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Joseph A. Bracken
Subjectivity, Objectivity and Intersubjectivity: Toward a Post-Post Modern Metaphysics


In medieval theology, the term person was generally conceived in ontological terms. In the early modern period with the new focus on human subjectivity, the notion of person was conceived more in psychological terms, namely, as an ongoing subject of experience. This paper defends the hypothesis that human personhood and human community only make complete sense within an overarching metaphysics of universal intersubjectivity. For the postmodern tension between subjec­tivity and objectivity will only be satisfactorily resolved when one realizes that, in human discourse, intersubjectivi­ty is a necessary precondition for achieving reliable objectivity even as intersubjectivity itself invariably presupposes an already existing objective state of affairs. The essay is divided into two parts. In the first of which, the issue of truth and objectivity is addressed in terms of the arguments of Bernard Lonergan, Josiah Royce and Alfred North Whitehead. In each case, the author partially succeeded but also partly failed to solve the problem of truth and objectivity. In the second part of the paper, an understanding of truth and objectivity in the light of a neo-Whiteheadian trinitarian approach to the God-world relationship is set forth. Implicit therein is an understanding of Whitehead­ian societies as structured fields of activity for successive generations of constituent actual entities. In this way, Whiteheadian societies are specifically social realities with an enduring objectivity distinct from the momentary subjectivity of their constituent actual entities at any given moment. These fields of activity, in other words, carry forward from moment to moment the intelligible form or objective pattern of existence and activity which constitutes the ongoing identity of the society as this rather than that physical reality. Genuine objectivity and ongoing intersubjectivi­ty thus mutually condition one another.

Furthermore, confirmation for this dialogical approach to truth and objectivity seems to come from analysis of the way Nature has evolved over the millennia. That is, if “the final real things of which this world is made up” (Whitehead, Process and Reality) are momentary self-constituting subjects of experience which coalesce to form progressively more complex “societies,” enduring objective structures of existence and activity, then “dialogue” in an extended sense is an all-pervasive feature of a world in evolution. Proponents of contemporary chaos theory like Stuart Kauffman propose that Nature progresses to new levels of complexity in virtue of an innate principle of self-organization. That is, when molecules are gathered together in sufficient numbers and over an extended period of time, something new and different tends to emerge as a result. The new emergent reality may or may not survive to develop in complexity even further. Here natural selection eliminates what ultimately does not work within the environment in which it happens to be located. But the basic point is that creativity within Nature does not take place within entities isolated from one another, but only in entities in ongoing dynamic interrelation, entities in “dialogue” with one another.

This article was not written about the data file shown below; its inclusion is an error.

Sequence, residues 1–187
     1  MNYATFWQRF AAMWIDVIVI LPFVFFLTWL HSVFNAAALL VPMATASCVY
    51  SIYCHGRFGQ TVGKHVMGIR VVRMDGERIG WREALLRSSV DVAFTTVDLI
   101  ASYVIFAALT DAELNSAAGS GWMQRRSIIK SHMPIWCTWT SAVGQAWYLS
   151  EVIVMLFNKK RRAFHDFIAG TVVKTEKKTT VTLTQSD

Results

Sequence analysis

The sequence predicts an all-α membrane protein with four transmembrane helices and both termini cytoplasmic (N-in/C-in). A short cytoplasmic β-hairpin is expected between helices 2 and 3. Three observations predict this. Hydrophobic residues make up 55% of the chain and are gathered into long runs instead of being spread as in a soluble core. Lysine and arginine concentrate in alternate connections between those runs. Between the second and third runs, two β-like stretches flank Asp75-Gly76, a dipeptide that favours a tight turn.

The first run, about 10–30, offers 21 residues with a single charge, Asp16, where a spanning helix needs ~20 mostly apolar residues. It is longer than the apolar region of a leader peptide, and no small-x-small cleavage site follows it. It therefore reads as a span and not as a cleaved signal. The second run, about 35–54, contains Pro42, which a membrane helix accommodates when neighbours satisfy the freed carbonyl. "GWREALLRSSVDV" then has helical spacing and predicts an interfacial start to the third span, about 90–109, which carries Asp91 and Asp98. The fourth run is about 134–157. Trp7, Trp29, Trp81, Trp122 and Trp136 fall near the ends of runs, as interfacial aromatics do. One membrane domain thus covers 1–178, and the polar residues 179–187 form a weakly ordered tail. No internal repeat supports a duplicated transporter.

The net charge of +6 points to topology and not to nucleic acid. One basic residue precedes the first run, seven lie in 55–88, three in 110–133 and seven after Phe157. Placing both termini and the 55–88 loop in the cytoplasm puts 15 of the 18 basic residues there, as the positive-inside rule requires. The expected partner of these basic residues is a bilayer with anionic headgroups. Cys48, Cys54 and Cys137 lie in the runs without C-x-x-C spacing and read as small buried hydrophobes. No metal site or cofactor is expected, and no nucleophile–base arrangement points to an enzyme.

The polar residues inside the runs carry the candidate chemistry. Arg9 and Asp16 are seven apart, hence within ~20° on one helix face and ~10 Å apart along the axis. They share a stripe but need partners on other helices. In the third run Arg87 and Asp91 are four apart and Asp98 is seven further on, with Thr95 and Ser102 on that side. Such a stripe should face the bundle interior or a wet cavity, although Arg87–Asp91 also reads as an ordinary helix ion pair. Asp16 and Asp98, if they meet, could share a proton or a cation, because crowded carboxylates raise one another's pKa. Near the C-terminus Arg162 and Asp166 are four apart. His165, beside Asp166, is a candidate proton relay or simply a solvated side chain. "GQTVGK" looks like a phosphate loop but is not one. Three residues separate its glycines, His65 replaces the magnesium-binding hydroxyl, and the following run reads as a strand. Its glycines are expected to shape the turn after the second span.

Joseph A. Bracken, SJ, Emeritus Professor of Theology at Xavier University in Cincinnati, Ohio, USA, received his PhD from the University of Freiburg in Germany in 1968 and taught at Saint Mary of the Lake Seminary in Mundelein, Illinois (1968-1974), and at Marquette University in Milwaukee, Wisconsin (1974-1982) before becoming Chairman of the Theology Department at Xavier in 1982.  He has published 10 books and roughly 90 articles in academic journals in the general area of philosophical theology/philosophy of religion.  His latest book is entitled Christianity and Process Thought: Spirituality for a Changing World (Philadelphia: Templeton Foundation Press, 2006), and his next book Three Who Are One: The Christian Doctrine of God will be published by Liturgical Press in 2008.  He is currently working on a new book manuscript reviewing the history of Western philosophy and indicating the need for a contemporary metaphysics based on intersubjectivity not only for the purposes of better human communication but as a philosophical justification for novelty and evolution at all levels of existence and activity within Nature.


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